If forced to, I would describe this show as an anime who’s story is making an attempt at borrowing elements of Game of Thrones and Fate/Zero…and failing.
The plot isn’t too complicated. At least not until the ending, when the show seems to introduce a completely new mythology completely out of left field. The viewer follows protagonist Ryner Lute, who’s searching for hero relics with his partner Ferris under orders from his aspiring King, Sion. Ryner is the carrier of an ability called the “Alpha Stigma” which gives people incredible destructive magical powers, the ability to see “truth” and also takes away their sanity when it is fully unleashed. Ryner is unique because he’s the only Alpha Stigma holder to regain his sanity after his stigma is fully unleashed. Alpha Stigma users are usually regarded as sub-human monsters by the general public. Ryner shares a friendship with Sion, in part, because he looks at him as a person and not a monster. The search for the legendary hero relics and dealing with the Alpha Stigma are two of the major components of the story. The third component is the political landscape of the world and Sion trying to take the steps to become a King and then to create a world without war.
Legend of the Legendary Heroes (English title, obviously), is a sword and sorcery anime with dialogue so dense, dated and indirect that it feels like the characters are being momentarily possessed by the spirits of Downton Abbey. That’s not to say the show is all dialogue. There are a good number of action sequences mixed in to the show. Action scenes that are incredibly violent and gory which seems odd juxtaposed with the placid nature of the dialogue rich scenes in the show. Overall, the whole thing has some interesting and good individual aspects, but the whole is much less than the sum of its parts. By the time I ended the series I found myself thinking, “what exactly did I just watch?”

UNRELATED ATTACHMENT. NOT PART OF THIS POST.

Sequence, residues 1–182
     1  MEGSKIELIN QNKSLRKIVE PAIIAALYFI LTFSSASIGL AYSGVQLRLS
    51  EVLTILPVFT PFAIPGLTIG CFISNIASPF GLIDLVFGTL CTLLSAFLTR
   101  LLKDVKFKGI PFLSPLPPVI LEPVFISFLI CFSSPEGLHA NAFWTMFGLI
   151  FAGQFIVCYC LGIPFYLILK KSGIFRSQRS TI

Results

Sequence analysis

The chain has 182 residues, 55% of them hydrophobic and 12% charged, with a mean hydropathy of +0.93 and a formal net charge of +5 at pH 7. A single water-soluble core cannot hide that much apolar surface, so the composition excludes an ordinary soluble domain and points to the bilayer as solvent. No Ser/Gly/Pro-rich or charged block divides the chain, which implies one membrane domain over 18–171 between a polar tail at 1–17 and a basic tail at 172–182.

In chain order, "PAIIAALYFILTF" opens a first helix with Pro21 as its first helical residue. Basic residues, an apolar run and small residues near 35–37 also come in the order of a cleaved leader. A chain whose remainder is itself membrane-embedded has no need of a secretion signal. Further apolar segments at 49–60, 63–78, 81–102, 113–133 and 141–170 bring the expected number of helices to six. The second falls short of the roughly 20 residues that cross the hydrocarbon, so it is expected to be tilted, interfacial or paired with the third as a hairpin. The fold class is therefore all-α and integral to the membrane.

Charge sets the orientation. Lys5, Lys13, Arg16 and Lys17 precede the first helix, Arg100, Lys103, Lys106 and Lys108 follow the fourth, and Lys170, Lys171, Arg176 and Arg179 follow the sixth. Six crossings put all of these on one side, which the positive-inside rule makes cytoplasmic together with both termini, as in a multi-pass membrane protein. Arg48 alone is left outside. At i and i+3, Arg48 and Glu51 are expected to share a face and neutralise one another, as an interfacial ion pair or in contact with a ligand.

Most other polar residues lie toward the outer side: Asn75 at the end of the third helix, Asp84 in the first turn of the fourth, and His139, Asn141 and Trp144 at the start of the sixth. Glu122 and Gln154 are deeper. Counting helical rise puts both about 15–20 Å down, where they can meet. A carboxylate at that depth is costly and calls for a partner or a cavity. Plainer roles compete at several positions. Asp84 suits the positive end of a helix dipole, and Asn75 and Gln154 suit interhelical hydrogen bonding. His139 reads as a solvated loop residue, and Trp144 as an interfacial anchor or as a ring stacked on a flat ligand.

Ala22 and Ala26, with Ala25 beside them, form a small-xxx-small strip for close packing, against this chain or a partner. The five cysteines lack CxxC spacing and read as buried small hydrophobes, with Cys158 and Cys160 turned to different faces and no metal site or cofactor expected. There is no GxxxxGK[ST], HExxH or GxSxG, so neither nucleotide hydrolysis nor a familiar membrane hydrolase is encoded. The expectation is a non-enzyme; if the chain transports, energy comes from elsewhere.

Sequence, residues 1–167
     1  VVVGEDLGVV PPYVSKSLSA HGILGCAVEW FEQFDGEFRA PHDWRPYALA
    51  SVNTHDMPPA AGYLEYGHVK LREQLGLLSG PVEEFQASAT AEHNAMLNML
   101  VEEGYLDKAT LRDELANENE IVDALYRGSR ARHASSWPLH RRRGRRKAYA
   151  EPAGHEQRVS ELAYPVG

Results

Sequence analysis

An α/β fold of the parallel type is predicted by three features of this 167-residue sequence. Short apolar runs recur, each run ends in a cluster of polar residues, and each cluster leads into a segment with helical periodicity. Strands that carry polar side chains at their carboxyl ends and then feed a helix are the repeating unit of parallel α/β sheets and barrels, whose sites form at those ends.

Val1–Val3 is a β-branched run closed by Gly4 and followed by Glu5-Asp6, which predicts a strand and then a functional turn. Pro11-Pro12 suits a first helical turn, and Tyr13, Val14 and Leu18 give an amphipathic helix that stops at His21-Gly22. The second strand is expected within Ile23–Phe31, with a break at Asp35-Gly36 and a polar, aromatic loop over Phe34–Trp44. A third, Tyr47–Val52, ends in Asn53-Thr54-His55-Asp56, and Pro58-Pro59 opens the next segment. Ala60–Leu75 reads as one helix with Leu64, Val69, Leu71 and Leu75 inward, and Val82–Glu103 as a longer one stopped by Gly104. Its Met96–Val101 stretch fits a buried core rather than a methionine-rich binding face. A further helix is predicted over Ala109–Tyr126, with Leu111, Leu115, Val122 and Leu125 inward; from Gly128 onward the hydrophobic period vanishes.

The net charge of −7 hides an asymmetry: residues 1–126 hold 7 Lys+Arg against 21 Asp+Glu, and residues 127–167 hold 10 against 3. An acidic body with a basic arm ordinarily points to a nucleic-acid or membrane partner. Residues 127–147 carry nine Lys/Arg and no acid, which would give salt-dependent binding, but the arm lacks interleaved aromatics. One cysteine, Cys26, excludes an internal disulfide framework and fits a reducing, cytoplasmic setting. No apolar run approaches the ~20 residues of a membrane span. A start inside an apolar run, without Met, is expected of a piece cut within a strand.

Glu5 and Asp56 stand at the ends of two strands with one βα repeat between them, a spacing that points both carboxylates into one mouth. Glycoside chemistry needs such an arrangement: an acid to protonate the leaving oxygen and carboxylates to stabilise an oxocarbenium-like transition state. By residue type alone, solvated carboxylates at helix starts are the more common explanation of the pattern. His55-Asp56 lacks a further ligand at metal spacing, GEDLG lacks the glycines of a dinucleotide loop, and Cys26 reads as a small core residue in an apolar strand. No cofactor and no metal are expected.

The world is full of different kingdoms as well as military and royal factions. Sion has to deal with trying to overthrow the status-quo while still playing the part of the diplomatic king. He even resorts to employing Froaude, a man who takes extreme and underhanded measures to further the king’s ideals (even if he does it without the king’s permission). The show deals a lot with classism and the plight of the oppressed as well as the real costs of uniting a kingdom as far as the amount of blood that must be shed. In those respects the show is actually pretty good, if a little bit predictable, once you get used to the idea that the characters may not exactly follow the archetypes you’d expect them to upon first meeting them.
The political aspects of the story line aren’t the normal thing that you’d see from an anime (this is where the Game of Thrones reference comes in). Unfortunately, trying to convey these ideas is what, in my opinion, drags the show down. The heavy dialogue caused me to zone out a few times and made it feel like a bit of drag to watch the show, even though the things that were being talked about were actually interesting. The action scenes do a great job at snapping you to attention when they show up. However, it starts to feel like that’s what the point of the action scenes are and, because of that, they start to feel like they don’t really fit into the show. At the very least, it made me wish that the show had been a little more major magic battle (ala Slayers) instead of the heavy drama interspersed with action.
Even though I’m complaining about it, the story of this is actually very good. The anime only covers the beginning of the story the manga tells. I think this is a series that would probably be better consumed as a manga with the anime only working as a supplement for huge fans of the series. As a standalone anime, I wouldn’t recommend it.